Section 4: We, I, and each of us agree and accept the membership seniority rule and law, as announced and stated in Article 16, Sections 1, 2, 3, and 4 of the said Article, and further agree that no change can or will be accepted or permitted, ever, until so voted by a two-thirds majority of the membership total, prior to October 7, 1940, and then only after being read at two (2) regular meetings and each member having been notified in writing by the Corresponding Secretary as to the date that same will be an order of business. Failure to comply with the rule and law of Article 16 and the four (4) sections thereof, by an officer or member of this Local Union No. 513, shall be expulsion for failure to comply.
At this time, Patterson was unemployed, and he attempted to have a fellow union member, with less union seniority, removed as an operator at the Majectic Theatre. The fellow-member rejused to be bumped from his job, and Local 513 took no action to enforce the provisions of Article 16 because it had been advised by the International Union and local labor attorneys that union seniority and the practice of 'bumping' was unlawful under the National Labor Relations Act. The validity of the seniority provisions of Article 16 had been debated by Patterson and others in union meetings since 1959, a majority of the membership had voted not to continue the practice of bumping, although Article 16 remained in the constitution, with suitable footnotes to the effect that it was unenforceable. On May 3, 1966, at a regular meeting of Local 513, Patterson again attempted to argue the legality of Article 16, and he was ruled out of order by the President.
In June, 1969, Patterson was employed as a projectionist at the Jajestic Theatre. A fellow worker was arrested by the police and confined in jail for his part in showing certain pictures at the theatre. Patterson decided that he did not want to operate any movie machines at Majestic until the matter could be settled. The manner of his leaving the job was disputed, Patterson contending that he obtained a valid leave of absence. The theatre owner eventually fired Patterson because of his refusal to return to work. Pursuant to the contract in effect between Majestic and Local 513, grievance procedures ensued, a meeting was had between Patterson, managemant, union representatives, and members of the Executive Board of the Union. It was determined that Patterson was justifiably given a two-week notice of dismissal for failure to report for work. All parties except Patterson agreed that additional proceedings were not warranted. Patterson took the matter up with the National Labor Relations Board, but eventually dropped the case.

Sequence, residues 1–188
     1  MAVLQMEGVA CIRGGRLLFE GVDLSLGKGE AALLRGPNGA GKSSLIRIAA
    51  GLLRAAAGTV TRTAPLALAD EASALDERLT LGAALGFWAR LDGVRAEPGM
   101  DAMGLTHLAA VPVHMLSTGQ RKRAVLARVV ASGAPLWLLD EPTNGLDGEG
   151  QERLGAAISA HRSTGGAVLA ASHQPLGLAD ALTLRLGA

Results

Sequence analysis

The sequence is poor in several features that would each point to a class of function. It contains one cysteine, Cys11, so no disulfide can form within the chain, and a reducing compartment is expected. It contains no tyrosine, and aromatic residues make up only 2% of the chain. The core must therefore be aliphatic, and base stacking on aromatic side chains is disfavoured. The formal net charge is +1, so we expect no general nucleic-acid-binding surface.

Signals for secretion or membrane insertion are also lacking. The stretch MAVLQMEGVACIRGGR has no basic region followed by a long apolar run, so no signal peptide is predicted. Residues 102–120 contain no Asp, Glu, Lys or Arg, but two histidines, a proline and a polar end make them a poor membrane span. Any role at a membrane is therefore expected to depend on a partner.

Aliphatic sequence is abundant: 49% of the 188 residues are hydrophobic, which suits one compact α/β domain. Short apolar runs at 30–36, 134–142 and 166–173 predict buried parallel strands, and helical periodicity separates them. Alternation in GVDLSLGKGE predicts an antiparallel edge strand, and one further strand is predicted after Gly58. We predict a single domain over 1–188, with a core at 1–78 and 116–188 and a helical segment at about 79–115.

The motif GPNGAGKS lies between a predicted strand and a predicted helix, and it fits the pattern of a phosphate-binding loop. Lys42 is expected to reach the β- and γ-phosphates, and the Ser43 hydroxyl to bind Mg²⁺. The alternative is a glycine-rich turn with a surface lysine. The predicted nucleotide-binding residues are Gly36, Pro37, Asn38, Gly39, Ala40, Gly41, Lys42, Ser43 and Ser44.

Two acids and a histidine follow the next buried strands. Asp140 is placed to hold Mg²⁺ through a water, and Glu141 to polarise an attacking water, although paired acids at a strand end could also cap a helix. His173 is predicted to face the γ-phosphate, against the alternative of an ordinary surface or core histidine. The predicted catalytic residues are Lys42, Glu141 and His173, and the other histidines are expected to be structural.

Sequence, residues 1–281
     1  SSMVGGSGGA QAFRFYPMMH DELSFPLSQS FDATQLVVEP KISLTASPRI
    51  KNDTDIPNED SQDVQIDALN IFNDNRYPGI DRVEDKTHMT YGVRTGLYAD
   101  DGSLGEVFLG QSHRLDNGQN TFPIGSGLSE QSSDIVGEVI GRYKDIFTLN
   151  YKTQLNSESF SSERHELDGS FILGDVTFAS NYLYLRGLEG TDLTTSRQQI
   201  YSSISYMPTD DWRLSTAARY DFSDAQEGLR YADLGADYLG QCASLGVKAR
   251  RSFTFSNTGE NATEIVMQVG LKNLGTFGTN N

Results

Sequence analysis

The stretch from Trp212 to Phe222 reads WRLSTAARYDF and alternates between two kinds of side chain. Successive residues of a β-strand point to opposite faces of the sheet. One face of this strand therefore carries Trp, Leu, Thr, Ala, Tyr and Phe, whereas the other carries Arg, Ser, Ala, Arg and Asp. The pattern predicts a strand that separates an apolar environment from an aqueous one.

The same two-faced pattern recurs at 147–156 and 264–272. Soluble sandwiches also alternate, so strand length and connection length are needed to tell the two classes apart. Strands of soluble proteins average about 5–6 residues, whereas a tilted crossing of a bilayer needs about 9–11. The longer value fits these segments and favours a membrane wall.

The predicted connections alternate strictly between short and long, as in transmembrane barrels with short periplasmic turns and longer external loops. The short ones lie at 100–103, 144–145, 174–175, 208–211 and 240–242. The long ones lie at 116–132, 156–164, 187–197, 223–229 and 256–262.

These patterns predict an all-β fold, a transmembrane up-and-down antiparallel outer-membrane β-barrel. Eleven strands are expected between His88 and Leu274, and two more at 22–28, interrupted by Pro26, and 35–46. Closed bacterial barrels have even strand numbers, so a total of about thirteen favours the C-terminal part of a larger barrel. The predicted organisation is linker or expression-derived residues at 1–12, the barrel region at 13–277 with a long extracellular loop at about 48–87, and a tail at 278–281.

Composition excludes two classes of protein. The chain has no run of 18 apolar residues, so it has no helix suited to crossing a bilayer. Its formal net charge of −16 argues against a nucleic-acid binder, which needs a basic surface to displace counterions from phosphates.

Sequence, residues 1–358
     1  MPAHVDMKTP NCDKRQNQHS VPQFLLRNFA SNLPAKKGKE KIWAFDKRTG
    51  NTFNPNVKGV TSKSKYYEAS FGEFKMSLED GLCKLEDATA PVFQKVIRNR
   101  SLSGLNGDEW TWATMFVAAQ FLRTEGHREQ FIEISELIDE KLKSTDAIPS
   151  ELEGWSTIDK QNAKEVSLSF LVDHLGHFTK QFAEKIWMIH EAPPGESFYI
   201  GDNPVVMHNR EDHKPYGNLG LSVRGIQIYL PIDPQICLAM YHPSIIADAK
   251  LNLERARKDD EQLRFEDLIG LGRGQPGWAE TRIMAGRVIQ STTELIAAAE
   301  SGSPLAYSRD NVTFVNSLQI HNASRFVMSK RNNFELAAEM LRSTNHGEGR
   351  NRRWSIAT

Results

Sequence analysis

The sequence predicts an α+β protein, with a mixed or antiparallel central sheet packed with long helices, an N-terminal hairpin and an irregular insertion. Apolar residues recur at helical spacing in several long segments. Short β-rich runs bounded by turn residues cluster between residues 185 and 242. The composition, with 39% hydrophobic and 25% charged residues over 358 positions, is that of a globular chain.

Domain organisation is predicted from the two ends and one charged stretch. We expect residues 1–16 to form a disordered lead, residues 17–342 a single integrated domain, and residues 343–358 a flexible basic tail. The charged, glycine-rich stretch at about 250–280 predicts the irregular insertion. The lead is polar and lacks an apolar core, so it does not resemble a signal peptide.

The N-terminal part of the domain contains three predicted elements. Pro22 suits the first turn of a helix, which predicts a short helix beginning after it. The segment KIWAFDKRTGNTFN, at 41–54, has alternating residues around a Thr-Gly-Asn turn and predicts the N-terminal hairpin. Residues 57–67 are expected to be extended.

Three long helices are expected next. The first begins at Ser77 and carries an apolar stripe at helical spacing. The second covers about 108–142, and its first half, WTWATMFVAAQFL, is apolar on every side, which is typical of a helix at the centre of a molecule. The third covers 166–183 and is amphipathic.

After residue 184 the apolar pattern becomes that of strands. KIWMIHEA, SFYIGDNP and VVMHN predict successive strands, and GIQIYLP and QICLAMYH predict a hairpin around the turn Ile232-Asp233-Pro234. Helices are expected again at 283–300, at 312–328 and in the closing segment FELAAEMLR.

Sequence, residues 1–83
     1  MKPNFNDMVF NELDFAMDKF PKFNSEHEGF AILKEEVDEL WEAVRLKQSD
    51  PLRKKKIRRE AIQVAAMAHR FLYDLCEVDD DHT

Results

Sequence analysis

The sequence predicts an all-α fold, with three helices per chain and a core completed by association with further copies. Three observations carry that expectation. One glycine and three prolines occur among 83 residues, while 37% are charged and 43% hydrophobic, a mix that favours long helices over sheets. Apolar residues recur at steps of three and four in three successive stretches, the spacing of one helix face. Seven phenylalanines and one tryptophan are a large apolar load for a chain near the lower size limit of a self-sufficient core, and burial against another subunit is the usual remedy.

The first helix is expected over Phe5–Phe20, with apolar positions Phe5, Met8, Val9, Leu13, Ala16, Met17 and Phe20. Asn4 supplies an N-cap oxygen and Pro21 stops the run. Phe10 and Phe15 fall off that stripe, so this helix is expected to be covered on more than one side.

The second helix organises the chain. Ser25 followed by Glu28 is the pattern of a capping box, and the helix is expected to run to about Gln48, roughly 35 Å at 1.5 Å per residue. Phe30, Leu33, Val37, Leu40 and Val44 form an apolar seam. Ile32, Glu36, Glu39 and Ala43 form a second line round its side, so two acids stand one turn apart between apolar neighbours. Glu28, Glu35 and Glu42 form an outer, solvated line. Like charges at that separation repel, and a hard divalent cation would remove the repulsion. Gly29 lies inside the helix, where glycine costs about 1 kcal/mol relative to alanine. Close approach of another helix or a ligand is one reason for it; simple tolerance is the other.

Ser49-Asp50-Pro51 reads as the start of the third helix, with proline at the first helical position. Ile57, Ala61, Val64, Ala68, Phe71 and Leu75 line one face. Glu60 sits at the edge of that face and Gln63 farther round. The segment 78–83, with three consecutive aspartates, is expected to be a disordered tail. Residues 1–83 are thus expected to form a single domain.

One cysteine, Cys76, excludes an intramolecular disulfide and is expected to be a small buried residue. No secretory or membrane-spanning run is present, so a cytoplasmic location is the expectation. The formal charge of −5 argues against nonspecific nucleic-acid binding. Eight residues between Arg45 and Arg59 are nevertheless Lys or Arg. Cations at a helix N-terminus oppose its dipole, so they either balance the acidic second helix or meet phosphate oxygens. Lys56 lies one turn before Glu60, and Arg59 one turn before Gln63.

In August, 1969, the Continental Theatre in Tulsa had an opening for an operator. According to the usual procedure, Continental notified Local 513 of the opening, and the Union supplied Continental with a list of union members who were interested in the job. Patterson's name was on this list, but he was not selected for the position. Continental's choice of a union member, other than Patterson, was based on the applicant's age, experience and ability to work compatibly with other operators. Patterson contended that under Article 16 he had greater seniority and should have been given the job.
Although no question of subjectmatter jurisdiction of Patterson's claims has been raised in this appeal, the Court is satisfied that complaints regarding Patterson's discharge by Majestic, and the alleged failure of the union to allow him to speak during meetings are claims of rights protected under 29 U.S.C.A. 411,1 and the union member's 'Bill of Rights,' and therefore within the jurisdiction of the court under 29 U.S.C.A. 412.2